The eclectic range of instruments alongside the harmonies of Sadier and the late Mary Hansen offer an extremely layered album - you can see how this complex exploration of sound and structure influenced the Lips' 'Zaireeka' and 'The Soft Bulletin' - this is one of those records you can sonically give yourself up to - like 'Loveless', 'In the Aeroplane Over the Sea', 'Xtrmntr', 'My Life in the Bush of Ghosts', 'Now Here is Nowhere', 'Neu! 75', 'Sulk', 'Get Up With It' or 'Blue Bell Knoll.' The joys of headphones-MP3players make this all the more apparent - it seems wrong that somehow these songs weren't mega-hits and have been adopted as national anthems. Singles 'Cybele's Revenge' and 'The Noise of Carpet' sound like alien pop perfection in all their glory. Hard to single out any particular tracks - just one of those albums that is fantastic from beginning to end, that I can play all the way through anytime...one for that Desert Island - tomorrow was already here then...& great to see they remain as fantastic as ever, the 'Fab Four Suture'-compilation a reminder of one of the greatest groops...While Stereolab have often been cited as influenced by [insert Krautrock name here], it's time to note that the 'Lab (as they were never, ever called) have been influential, acts like Broadcast, Secret Machines, the Lips, the Beta Band, Super Furry Animals, Blur, The Fiery Furnaces and Pram have all nodded in their general direction. 'Emperor Tomato Ketchup' remains one of the great albums of the 1990s and a definite totalutterseminallikemasterpiece...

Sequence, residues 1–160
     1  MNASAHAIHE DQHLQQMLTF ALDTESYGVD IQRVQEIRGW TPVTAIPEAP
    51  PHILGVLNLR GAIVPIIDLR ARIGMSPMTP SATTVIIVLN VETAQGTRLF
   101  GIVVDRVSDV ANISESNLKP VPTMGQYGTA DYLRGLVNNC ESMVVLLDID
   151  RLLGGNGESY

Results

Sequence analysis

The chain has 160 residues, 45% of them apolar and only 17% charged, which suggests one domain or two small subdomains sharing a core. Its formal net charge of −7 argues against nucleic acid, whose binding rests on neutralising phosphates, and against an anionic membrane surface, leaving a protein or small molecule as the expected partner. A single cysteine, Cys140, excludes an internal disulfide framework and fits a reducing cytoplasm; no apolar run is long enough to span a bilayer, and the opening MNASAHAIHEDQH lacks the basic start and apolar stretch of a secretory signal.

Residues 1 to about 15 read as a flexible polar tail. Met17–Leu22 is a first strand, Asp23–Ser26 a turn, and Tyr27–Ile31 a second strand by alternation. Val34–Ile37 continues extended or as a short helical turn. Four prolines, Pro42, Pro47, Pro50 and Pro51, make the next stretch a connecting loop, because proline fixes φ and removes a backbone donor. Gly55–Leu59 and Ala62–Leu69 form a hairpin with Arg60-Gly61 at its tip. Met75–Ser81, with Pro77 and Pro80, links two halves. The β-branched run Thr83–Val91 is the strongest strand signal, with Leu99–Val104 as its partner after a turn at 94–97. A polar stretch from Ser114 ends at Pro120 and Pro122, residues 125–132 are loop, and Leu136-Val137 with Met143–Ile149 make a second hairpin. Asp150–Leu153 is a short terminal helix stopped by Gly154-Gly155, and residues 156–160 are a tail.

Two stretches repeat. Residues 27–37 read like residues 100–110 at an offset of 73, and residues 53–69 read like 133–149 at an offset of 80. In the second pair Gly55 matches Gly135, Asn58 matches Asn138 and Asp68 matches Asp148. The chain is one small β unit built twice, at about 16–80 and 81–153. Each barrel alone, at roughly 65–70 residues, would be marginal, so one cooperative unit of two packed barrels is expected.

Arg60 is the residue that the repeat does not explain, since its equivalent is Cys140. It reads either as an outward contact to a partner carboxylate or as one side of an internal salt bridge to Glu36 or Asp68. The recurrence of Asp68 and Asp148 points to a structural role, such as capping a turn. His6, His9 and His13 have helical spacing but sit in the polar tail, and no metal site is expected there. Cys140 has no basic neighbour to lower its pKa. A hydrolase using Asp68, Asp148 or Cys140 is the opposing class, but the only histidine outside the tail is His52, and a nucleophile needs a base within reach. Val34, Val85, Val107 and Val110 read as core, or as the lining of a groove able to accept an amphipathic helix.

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on 20 February 2005
Nice to see this available again as for me Stereolab never subsequently reached the same heights. Here their fusion of krautrock drone n breezy gallic pop was just perfect. The next album, Dots and Loops, was disappointingly bland - starting a trend that has unfortunately continued to this day.
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on 13 June 2015
This is a landmark release by this innovative and creative group - superb
The LP arrived in perfect condition from the supplier in significant protective packaging. The sleeve and contents pristine and play perfectly and I've been enjoying the music.
Couldn't be happier and recommend heartily
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Stereolab's finest hour. On this album, the 'Groop' unleashed their full range of styles and influences and made a krautrock / lounge / chanson / moog / pop classic. Highlights include Metronomic Underground, with its hypnotic bass and Cybele's Revenge - a stunning, poptastic Stereolab gem. Every Space Age Bachelor Pad should have one.
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on 10 January 2010
It's 1968, it's the left bank, you're wearing a roll-neck sweater, impressively square black glasses, and smoking a bagette - you are undeniably French - and having a fun time!
...Well that's the experience...tune in and get 50mins of fun!
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on 12 April 2016
pleased with the product
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on 8 April 2016
Awesome
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on 11 July 2007
i paid £15 for it on the High St.

Pricy compared to amazon, but Metronomic Underground is worth that price alone.
0Comment|2 people found this helpful. Was this review helpful to you?YesNoReport abuse